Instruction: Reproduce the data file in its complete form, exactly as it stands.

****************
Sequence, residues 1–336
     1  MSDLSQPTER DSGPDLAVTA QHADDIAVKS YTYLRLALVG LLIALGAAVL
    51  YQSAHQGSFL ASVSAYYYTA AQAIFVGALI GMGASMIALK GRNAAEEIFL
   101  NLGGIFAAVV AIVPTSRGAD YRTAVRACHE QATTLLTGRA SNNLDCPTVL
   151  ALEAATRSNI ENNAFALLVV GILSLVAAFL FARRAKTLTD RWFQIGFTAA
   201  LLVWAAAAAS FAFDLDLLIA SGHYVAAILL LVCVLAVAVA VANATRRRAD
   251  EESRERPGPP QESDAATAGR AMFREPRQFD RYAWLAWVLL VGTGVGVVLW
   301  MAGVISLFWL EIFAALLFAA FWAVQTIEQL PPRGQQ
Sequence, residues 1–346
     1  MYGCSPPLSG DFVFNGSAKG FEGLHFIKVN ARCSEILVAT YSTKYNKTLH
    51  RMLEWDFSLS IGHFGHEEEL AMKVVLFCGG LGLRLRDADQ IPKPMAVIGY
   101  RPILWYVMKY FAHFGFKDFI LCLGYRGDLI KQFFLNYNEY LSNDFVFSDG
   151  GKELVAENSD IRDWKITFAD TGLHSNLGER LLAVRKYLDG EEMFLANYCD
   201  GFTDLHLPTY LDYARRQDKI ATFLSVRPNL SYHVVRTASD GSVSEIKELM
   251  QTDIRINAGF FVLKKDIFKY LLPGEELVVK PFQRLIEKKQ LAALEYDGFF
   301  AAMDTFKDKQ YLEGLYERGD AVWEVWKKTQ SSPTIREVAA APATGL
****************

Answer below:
Sequence, residues 1–336
     1  MSDLSQPTER DSGPDLAVTA QHADDIAVKS YTYLRLALVG LLIALGAAVL
    51  YQSAHQGSFL ASVSAYYYTA AQAIFVGALI GMGASMIALK GRNAAEEIFL
   101  NLGGIFAAVV AIVPTSRGAD YRTAVRACHE QATTLLTGRA SNNLDCPTVL
   151  ALEAATRSNI ENNAFALLVV GILSLVAAFL FARRAKTLTD RWFQIGFTAA
   201  LLVWAAAAAS FAFDLDLLIA SGHYVAAILL LVCVLAVAVA VANATRRRAD
   251  EESRERPGPP QESDAATAGR AMFREPRQFD RYAWLAWVLL VGTGVGVVLW
   301  MAGVISLFWL EIFAALLFAA FWAVQTIEQL PPRGQQ
Sequence, residues 1–346
     1  MYGCSPPLSG DFVFNGSAKG FEGLHFIKVN ARCSEILVAT YSTKYNKTLH
    51  RMLEWDFSLS IGHFGHEEEL AMKVVLFCGG LGLRLRDADQ IPKPMAVIGY
   101  RPILWYVMKY FAHFGFKDFI LCLGYRGDLI KQFFLNYNEY LSNDFVFSDG
   151  GKELVAENSD IRDWKITFAD TGLHSNLGER LLAVRKYLDG EEMFLANYCD
   201  GFTDLHLPTY LDYARRQDKI ATFLSVRPNL SYHVVRTASD GSVSEIKELM
   251  QTDIRINAGF FVLKKDIFKY LLPGEELVVK PFQRLIEKKQ LAALEYDGFF
   301  AAMDTFKDKQ YLEGLYERGD AVWEVWKKTQ SSPTIREVAA APATGL